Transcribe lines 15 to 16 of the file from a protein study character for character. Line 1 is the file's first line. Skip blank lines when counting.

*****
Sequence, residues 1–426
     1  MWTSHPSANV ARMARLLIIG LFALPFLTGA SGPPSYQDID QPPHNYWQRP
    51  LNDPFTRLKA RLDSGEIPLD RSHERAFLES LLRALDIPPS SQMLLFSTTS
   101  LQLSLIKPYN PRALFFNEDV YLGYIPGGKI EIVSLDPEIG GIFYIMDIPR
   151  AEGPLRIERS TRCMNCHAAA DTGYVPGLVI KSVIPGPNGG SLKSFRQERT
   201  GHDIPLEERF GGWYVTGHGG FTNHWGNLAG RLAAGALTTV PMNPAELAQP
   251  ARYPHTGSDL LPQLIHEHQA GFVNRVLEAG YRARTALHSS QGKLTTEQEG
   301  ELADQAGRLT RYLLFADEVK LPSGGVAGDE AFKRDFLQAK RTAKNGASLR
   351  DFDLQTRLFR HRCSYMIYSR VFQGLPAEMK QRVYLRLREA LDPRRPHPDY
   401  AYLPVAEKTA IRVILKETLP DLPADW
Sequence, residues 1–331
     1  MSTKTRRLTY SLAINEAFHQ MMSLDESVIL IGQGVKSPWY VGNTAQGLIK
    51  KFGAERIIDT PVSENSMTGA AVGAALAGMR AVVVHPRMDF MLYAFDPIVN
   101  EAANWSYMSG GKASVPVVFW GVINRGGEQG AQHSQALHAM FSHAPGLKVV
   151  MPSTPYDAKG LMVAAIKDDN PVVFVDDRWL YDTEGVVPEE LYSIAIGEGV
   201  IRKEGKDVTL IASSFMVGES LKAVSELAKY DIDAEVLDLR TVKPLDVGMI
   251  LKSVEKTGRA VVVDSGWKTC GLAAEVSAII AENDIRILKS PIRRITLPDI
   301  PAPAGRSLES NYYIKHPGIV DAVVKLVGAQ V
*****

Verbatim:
   151  MPSTPYDAKG LMVAAIKDDN PVVFVDDRWL YDTEGVVPEE LYSIAIGEGV
   201  IRKEGKDVTL IASSFMVGES LKAVSELAKY DIDAEVLDLR TVKPLDVGMI